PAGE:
Thursday, May 15, 2008

Big booth next to the bar please.

This is a response to a post from Pastor Dwayne Norman . Although I am thrilled that a pastor stopped by to comment on my blog, I’m not thrilled that I'm having to hide under my desk while I write this (just in case lightening strikes).


Although, I agree with you that there are some (perhaps
MANY) Christians who unfortunately hate gays, ignore science, deny reason, and
have a moral superiority....I would like to say that there are believers who relish in academia and would be considered great scholars. One that comes to mind is William Lane Craig.

Well, you’re certainly starting off on the right foot. It’s always a good choice to agree with me. Now, I would never want to imply that all Christians hate gays and suffer from moral superiority. And though many of the most atrocious acts in the history of the world were committed in the name of God, religion also has positive influences. There, I said it. Can I come out from under my desk now?

I will admit that there are atheists who think that religion is the root of all evil and incapable of doing good. This view seems to be shared by some current atheist leaders like Sam Harris and Christopher Hitchens. Although I highly respect these individuals, I tend not to agree on this issue. One could even make a case that they are just as intolerant as the religious right. Ok, they’re not as intolerant. However, I do see some issues Atheist should be conscious of. I don't think we should ever deny rights to individuals because we think we know better than they do. That's arrogant and arrogance is unattractive regardless of the reasoning behind it.

In his book, I don’t believe in atheists, Chris Hedges makes several good points. He believes that the reason humans participate in evil acts is simply because there is evil inherently inside of us (I have children, so he's preaching to the choir here). Religion, according to Hedges, is a vehicle used to carry out evil. I guess it’s similiar to saying that guns don’t kill people, people kill people. Hmmm, maybe the Brady Bill should be extended to cover Christians?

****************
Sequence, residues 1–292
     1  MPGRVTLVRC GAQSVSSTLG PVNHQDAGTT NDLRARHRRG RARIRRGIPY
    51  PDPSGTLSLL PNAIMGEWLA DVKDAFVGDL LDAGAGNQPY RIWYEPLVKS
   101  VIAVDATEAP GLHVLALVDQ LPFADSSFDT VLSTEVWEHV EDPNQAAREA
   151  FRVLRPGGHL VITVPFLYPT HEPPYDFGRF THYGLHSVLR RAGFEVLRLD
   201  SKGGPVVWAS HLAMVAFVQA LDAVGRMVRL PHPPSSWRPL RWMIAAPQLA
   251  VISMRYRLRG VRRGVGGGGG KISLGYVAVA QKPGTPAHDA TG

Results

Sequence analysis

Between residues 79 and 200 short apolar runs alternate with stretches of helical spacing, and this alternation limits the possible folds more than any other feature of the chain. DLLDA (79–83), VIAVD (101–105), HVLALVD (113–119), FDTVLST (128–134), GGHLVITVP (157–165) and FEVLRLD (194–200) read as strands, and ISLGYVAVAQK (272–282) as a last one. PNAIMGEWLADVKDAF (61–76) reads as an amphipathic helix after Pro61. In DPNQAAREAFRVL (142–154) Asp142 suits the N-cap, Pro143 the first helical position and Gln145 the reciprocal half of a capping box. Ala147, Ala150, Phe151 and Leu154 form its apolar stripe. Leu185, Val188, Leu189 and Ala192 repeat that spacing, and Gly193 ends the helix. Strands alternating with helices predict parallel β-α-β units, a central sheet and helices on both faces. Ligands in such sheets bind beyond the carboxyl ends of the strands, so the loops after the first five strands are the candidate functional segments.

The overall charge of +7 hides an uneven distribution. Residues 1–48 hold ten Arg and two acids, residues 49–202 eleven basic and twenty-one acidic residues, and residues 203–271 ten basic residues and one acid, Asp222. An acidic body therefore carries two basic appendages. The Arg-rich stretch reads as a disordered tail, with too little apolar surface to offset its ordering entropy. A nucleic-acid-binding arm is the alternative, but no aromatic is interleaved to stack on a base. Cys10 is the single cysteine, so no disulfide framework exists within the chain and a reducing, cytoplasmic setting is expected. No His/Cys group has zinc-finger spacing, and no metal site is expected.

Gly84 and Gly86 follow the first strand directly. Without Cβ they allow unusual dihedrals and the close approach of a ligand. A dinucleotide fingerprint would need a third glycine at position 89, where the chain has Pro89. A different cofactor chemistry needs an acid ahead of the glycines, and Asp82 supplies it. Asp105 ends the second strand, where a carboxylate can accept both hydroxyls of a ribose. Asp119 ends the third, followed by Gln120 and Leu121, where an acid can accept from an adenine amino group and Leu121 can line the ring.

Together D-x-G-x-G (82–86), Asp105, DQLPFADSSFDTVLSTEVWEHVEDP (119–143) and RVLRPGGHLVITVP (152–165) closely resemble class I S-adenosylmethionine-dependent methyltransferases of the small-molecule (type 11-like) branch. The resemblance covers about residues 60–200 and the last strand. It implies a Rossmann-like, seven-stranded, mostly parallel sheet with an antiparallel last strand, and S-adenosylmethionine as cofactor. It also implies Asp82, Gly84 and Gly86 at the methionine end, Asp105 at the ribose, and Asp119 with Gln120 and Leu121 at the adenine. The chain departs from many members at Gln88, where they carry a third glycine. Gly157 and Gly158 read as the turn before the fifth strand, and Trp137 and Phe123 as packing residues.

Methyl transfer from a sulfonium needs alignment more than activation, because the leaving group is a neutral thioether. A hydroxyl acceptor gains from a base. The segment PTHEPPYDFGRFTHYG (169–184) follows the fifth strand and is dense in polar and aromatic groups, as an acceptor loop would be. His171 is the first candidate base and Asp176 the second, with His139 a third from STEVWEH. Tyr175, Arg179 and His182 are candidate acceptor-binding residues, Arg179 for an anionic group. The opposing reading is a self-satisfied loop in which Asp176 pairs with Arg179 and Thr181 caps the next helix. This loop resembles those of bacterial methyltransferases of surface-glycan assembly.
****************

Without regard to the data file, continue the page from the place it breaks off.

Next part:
Now onto the issues of science and reason. My two favorite things followed closely by a stiff cocktail and a good rogering (in that order). I have heard people say that when scientific evidence differs from what the bible says we must believe that it is the scientific evidence that is wrong. Doesn’t this seem ludicrous? Truth is truth and if evidence doesn’t support something, how can it be the truth?

Most Christians shrug off the overwhelming evidence in support of evolution. So you can understand why I am skeptical when people advertise Christians as being proponents of science.

I think that when it comes to religion reason gets left at the door. For instance, is it only the non-religious who have trouble with many of the stories in the bible? When told about the talking snake do Christians ever think to themselves, whoa, I feel like I've been taking crazy pills. I mean, do they sit up at night wondering, how in the hell did Noah get all of those dinosaurs on that ark? When they read how Joshua prayed for the sun to stand still, do Christians think Einstein got it wrong with general relativity? I’ve heard many answers to these questions, but all of them require an abandonment of reason.

And it’s not only those stories, but also the attributes ascribed to God. Do they really make sense to Christians? Does it seem plausible that a perfect being could create something imperfect? When they hear the paradox about whether it’s possible for an omnipotent God to create a rock too big for him to lift, do Christians ever ponder this? Or the fact that an omni benevolent God allows all of the pain and suffering we see in the world do the religious ever think, WTF? And when God says that he’ll send all of the unsaved people to hell to suffer for eternity, can Christians honestly say they’ve reasoned this one out?

And if it is true that us non-believers are going straight to hell, who do I talk to about making reservations? Something close to the bar would be great. Not too close to the band. I hate when they put me next to the band. Am I right? I mean, I don't want to have to yell across the table when I'm talking to some of the greatest minds in the history of the world. Because that's just plain rude.


Thanks Pastor Norman for writing in.

15 comments:

Jay said...

All good questions. And some of the very reasons that I don't belong to a mainstream church! I do believe there is 'something' or 'someone' greater than ourselves, but I find blind acceptance of the bible impossible to swallow - and it's something which is impossible to discuss properly with many a Christian.